Maintaining safe distance can slow down COVID-19 transmissions in poor countries


just saying:Batsirai Mabvakure & Kate Grabowski

In 1918, there was a deadly flue pandemic that killed 50 million people globally, and one of the greatest lessons from this pandemic was that social distancing could have saved lives.

Social distancing is the most effective way of reducing the spread of infectious diseases that are spread by droplet infection and coughing such as COVID-19. Social distancing entails avoiding crowds and canceling events that involve gathering many people.

This concept reduces the chances of uninfected individuals from coming into contact with sick people, and can effectively slow down the pandemic.

While this approach has worked well in some higher countries such as China, its effectiveness might be impacted by several factors unique to low and middle income countries (LMICs) such as Zimbabwe.

There are several issues that need to be addressed in LMICs to effectively implement social distancing. In Zimbabwe for example, people living in cities have no access to tap water, and have to queue at boreholes every day potentially exposing them to COVID-19.

It’s not only access to water Zimbabweans have to worry about.

The nature of the economy demands them to work every day in order to have food on their tables. More than 95% of the population earn their livelihood from informal work, and if they stop working, they most likely stop feeding their families.

Measures that have been implemented in high income countries such as the United States may not be feasible in LMICs, where governments are still struggling to provide basic services such as clean water and electricity. In a complete lockdown scenario in Zimbabwe, the majority of the population will no longer have access to clean water, power and food.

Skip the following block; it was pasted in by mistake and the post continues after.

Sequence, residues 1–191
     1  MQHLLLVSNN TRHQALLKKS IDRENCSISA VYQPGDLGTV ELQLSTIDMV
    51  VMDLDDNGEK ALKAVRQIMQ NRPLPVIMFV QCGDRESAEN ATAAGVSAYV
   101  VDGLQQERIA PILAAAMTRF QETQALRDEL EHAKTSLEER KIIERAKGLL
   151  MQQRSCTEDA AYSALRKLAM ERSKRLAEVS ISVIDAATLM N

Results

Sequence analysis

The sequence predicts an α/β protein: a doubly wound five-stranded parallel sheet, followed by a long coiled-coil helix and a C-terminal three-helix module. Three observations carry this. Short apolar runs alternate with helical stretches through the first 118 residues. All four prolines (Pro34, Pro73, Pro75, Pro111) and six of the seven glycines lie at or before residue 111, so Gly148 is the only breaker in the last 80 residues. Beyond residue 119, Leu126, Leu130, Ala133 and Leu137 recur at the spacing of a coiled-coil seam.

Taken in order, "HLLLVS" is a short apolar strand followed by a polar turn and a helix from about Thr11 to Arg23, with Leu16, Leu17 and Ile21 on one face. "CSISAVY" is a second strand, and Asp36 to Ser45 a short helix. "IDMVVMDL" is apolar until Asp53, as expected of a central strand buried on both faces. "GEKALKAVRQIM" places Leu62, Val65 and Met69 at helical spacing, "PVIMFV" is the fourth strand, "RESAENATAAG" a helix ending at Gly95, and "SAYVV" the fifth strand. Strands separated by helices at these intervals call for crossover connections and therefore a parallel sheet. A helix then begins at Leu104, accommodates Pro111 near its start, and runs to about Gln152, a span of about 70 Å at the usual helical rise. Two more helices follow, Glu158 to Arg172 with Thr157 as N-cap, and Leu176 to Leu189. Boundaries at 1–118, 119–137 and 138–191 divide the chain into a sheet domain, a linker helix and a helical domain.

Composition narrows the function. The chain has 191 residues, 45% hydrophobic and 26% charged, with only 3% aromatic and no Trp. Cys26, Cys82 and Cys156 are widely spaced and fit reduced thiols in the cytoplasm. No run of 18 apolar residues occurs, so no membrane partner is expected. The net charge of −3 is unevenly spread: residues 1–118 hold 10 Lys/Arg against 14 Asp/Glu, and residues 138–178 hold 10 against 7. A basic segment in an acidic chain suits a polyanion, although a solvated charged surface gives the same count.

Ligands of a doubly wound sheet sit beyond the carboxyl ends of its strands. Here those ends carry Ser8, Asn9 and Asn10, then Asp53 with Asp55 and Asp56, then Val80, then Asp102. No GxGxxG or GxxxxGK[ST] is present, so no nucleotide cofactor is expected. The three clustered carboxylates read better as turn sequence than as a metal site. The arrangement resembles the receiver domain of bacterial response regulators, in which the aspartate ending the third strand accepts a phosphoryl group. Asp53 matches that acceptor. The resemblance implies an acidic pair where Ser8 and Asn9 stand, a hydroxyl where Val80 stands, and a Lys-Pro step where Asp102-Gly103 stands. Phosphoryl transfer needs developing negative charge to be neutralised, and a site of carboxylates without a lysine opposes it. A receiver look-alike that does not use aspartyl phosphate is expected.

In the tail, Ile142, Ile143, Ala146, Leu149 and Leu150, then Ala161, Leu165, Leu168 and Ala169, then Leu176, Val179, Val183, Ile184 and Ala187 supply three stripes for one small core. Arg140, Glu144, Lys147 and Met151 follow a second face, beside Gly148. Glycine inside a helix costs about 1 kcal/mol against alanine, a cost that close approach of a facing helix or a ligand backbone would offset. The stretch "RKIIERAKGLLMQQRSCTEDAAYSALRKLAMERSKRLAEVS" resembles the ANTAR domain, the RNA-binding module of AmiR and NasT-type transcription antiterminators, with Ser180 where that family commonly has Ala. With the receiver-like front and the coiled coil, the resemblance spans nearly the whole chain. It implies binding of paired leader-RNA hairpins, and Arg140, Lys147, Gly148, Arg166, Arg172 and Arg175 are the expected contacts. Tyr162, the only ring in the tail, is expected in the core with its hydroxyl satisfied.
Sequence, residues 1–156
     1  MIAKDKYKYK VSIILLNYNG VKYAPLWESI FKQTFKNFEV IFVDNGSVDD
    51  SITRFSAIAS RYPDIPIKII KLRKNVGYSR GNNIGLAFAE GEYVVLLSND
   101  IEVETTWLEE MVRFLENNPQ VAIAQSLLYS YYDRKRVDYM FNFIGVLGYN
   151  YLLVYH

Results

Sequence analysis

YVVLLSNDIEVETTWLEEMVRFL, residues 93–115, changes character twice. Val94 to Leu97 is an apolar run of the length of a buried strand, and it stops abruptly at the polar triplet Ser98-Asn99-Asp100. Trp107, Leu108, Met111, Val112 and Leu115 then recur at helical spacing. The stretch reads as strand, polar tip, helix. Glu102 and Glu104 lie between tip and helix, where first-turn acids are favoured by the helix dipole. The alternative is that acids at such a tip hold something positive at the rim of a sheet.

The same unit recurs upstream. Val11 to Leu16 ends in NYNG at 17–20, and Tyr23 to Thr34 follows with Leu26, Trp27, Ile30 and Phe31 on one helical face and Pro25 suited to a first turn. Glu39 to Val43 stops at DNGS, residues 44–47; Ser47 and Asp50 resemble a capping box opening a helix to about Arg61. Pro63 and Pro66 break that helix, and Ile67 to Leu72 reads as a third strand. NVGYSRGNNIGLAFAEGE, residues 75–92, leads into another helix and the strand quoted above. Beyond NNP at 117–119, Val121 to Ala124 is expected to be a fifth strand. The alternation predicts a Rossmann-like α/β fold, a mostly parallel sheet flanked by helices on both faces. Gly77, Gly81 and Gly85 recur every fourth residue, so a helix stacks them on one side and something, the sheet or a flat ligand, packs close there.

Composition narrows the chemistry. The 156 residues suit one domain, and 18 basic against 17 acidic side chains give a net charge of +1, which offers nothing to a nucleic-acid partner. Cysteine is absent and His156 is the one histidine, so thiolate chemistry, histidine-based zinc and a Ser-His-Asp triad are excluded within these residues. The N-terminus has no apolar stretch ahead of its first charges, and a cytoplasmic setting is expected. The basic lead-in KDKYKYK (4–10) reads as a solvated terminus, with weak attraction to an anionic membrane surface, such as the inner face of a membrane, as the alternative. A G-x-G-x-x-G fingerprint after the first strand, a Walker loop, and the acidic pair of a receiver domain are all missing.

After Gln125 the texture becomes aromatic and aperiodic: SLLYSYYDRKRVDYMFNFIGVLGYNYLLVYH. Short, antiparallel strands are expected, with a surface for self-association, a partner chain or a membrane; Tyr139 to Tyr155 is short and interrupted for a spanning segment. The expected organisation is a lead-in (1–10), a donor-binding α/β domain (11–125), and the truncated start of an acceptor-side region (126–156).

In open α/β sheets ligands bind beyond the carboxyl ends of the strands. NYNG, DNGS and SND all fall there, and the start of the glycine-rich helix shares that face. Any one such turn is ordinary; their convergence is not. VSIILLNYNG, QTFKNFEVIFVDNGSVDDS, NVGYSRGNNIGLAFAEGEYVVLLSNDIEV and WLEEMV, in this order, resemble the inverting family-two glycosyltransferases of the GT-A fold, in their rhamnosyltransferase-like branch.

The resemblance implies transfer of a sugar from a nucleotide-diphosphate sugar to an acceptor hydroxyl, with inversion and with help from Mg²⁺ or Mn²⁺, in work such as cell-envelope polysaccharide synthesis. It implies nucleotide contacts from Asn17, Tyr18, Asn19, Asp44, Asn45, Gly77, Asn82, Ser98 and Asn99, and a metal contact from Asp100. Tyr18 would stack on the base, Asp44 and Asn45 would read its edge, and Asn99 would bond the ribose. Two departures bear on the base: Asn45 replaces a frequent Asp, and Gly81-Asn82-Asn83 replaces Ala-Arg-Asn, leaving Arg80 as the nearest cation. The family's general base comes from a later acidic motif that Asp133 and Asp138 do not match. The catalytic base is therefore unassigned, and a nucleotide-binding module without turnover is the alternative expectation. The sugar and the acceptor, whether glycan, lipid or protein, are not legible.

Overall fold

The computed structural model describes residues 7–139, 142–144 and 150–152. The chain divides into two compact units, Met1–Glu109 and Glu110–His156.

Another major challenge to implementing social distancing in LMICs is the complex, privatised transport system. In Zimbabwe, kombis are the common mode of transport for the majority of people.

These minibuses carry an average total of between 18 and 30 passengers, where four people will be sitting shoulder to shoulder on each of the four rows, plus two beside the driver, four more at a popular spot called pakadoma where one can pay half price.

Kombis are very central to sustaining the current economy, and many people are dependent on this mode of transport in the midst of fuel shortages and price hikes.

However, there is a lot of mixing and contact inside these kombis which goes against social distancing, providing a conducive environment for COVID-19 to spread.

During the 1918 flue pandemic, Philadelphia did not cancel public events like other cities that practiced social distancing. As a consequence, the Influenza virus spread, and 72 hours after the parade, all 31 of Philadelphia’s hospitals were full, with 2 600 dead by the end of the week. More than half a million people were infected the following weeks, with more than 12 000 losing their lives.

Even though the parade was to blame, poor working and living conditions may have played a role in increasing the case fatality rate.

About 1 500km away in a town called St Louise, within two days of detecting the first flue cases, the health commissioner closed down schools, playgrounds, libraries, courtrooms and even churches. These restrictions to enforce social distancing were kept in place despite the pressure from business owners to remove them.